Sen. Warren targets App Store in bid to break up Apple | Cult of Mac

Sen. Warren targets App Store in bid to break up Apple

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App Store
The App Store should be a separate company, according to a high-profile presidential candidate.
Photo: Ste Smith/Cult of Mac

Sen. Elizabeth Warren’s campaign for U.S. president has taken a hard line against big tech, and she has Apple in her sights. On Friday she proposed breaking up a number of large tech firms, and the iPhone-maker made the list.

Now she’s shared more details on why she thinks dividing Apple into at least two parts is necessary.

Split App Store from Apple

Warren. in an interview with The Verge , proposed:

Apple, you’ve got to break it apart from their App Store. It’s got to be one or the other. Either they run the platform or they play in the store. They don’t get to do both at the same time.

The senator isn’t proposing splitting Apple into hardware and software businesses, as her primary complaint about the company seems to be that its software and services have an unfair advantage competing against other software developers in the App Store.

Warren told The Verge:

If you run a platform where others come to sell, then you don’t get to sell your own items on the platform because you have two comparative advantages. One, you’ve sucked up information about every buyer and every seller before you’ve made a decision about what you’re going to sell. And second, you have the capacity — because you run the platform — to prefer your product over anyone else’s product. It gives an enormous comparative advantage to the platform.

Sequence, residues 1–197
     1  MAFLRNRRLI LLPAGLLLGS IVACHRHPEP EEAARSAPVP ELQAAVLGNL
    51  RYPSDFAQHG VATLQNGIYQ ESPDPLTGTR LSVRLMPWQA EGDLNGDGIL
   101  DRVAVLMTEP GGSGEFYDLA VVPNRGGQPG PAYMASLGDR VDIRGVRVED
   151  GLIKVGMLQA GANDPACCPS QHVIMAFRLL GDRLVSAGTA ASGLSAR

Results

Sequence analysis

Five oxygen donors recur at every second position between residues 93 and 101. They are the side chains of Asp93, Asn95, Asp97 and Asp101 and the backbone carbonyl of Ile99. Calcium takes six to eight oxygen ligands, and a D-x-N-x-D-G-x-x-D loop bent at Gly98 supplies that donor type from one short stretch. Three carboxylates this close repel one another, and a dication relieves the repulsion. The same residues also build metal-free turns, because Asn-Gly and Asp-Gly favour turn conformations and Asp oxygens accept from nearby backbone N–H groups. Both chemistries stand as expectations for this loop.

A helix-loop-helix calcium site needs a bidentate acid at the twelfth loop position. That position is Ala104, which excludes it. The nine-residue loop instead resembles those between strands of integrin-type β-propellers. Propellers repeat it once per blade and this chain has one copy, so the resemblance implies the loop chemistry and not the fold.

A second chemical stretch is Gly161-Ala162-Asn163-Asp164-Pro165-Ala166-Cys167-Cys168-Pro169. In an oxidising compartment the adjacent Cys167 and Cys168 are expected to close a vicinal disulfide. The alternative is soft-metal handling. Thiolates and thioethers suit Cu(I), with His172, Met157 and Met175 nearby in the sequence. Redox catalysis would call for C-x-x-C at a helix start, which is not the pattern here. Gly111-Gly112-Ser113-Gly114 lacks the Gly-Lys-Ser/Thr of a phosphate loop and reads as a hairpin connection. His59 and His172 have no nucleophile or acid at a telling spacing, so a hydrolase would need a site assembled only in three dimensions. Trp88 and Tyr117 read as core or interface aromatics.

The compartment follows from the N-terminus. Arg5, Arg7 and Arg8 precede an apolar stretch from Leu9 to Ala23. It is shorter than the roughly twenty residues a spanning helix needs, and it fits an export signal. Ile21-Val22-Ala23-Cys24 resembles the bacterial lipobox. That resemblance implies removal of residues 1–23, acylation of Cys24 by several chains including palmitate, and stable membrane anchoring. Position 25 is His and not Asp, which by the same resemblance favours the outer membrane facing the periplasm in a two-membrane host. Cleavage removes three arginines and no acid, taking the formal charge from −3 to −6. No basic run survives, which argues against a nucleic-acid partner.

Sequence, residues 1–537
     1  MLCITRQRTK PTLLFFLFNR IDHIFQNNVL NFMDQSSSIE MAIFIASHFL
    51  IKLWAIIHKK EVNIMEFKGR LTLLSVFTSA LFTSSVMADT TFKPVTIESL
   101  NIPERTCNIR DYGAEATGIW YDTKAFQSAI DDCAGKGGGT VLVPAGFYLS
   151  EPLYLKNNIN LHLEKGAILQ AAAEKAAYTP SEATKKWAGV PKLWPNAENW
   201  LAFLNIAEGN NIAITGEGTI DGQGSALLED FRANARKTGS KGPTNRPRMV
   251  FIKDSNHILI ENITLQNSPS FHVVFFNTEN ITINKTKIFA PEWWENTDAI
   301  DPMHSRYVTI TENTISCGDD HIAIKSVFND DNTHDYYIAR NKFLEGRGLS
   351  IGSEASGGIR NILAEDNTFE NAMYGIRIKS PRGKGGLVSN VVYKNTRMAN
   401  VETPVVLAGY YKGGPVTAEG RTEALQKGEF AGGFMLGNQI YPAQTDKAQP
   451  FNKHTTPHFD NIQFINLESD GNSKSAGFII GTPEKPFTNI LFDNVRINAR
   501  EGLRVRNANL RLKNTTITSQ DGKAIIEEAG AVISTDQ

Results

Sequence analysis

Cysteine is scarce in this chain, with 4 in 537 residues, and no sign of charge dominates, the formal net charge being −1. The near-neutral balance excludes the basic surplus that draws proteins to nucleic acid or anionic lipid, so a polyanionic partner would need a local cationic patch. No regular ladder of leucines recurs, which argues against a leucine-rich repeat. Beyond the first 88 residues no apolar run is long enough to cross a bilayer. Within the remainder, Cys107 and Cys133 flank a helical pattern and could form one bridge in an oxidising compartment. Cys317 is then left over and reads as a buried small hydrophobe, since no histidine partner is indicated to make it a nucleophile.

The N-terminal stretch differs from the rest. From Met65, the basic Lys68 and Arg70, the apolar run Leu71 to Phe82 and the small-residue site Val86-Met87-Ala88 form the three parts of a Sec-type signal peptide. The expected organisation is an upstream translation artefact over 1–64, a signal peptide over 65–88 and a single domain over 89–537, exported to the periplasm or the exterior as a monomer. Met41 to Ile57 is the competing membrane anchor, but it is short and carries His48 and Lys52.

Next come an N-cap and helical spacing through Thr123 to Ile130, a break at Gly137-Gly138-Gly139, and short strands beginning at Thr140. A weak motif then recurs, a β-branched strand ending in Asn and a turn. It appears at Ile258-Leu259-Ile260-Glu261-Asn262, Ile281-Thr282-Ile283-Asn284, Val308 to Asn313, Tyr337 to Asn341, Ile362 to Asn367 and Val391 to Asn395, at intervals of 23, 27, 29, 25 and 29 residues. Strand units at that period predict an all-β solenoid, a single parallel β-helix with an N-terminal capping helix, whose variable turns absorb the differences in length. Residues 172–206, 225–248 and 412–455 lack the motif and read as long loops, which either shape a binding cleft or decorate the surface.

A plank of Warren’s campaign

Her comments go beyond idle speculation. Sen. Warren is a presidential candidate, and she said in a blog post published on Friday “My administration will make big, structural changes to the tech sector to promote more competition .”

As one of the most valuable and visible companies in the world, it’s inevitable for Apple to get drawn into politics. CEO Tim Cook meets with Pres. Donald Trump several times a year, for example. So it’s not surprising that it gets mentioned in presidential candidates’ stump speeches.